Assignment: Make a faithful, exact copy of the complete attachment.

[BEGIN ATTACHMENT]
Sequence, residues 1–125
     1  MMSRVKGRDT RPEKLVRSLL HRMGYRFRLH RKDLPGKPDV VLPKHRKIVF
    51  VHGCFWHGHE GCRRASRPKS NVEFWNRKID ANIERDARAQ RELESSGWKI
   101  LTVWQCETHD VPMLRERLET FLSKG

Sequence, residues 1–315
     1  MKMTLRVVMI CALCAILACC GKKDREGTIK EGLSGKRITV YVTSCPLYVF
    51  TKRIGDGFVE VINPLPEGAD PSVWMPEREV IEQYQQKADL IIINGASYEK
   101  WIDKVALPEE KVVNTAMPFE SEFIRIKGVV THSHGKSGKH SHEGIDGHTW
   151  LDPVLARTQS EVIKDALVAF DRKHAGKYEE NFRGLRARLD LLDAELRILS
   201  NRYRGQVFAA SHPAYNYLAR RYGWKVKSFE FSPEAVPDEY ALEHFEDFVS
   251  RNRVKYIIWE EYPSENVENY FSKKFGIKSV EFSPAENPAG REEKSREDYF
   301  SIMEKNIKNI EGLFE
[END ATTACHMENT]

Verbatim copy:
Sequence, residues 1–125
     1  MMSRVKGRDT RPEKLVRSLL HRMGYRFRLH RKDLPGKPDV VLPKHRKIVF
    51  VHGCFWHGHE GCRRASRPKS NVEFWNRKID ANIERDARAQ RELESSGWKI
   101  LTVWQCETHD VPMLRERLET FLSKG

Sequence, residues 1–315
     1  MKMTLRVVMI CALCAILACC GKKDREGTIK EGLSGKRITV YVTSCPLYVF
    51  TKRIGDGFVE VINPLPEGAD PSVWMPEREV IEQYQQKADL IIINGASYEK
   101  WIDKVALPEE KVVNTAMPFE SEFIRIKGVV THSHGKSGKH SHEGIDGHTW
   151  LDPVLARTQS EVIKDALVAF DRKHAGKYEE NFRGLRARLD LLDAELRILS
   201  NRYRGQVFAA SHPAYNYLAR RYGWKVKSFE FSPEAVPDEY ALEHFEDFVS
   251  RNRVKYIIWE EYPSENVENY FSKKFGIKSV EFSPAENPAG REEKSREDYF
   301  SIMEKNIKNI EGLFE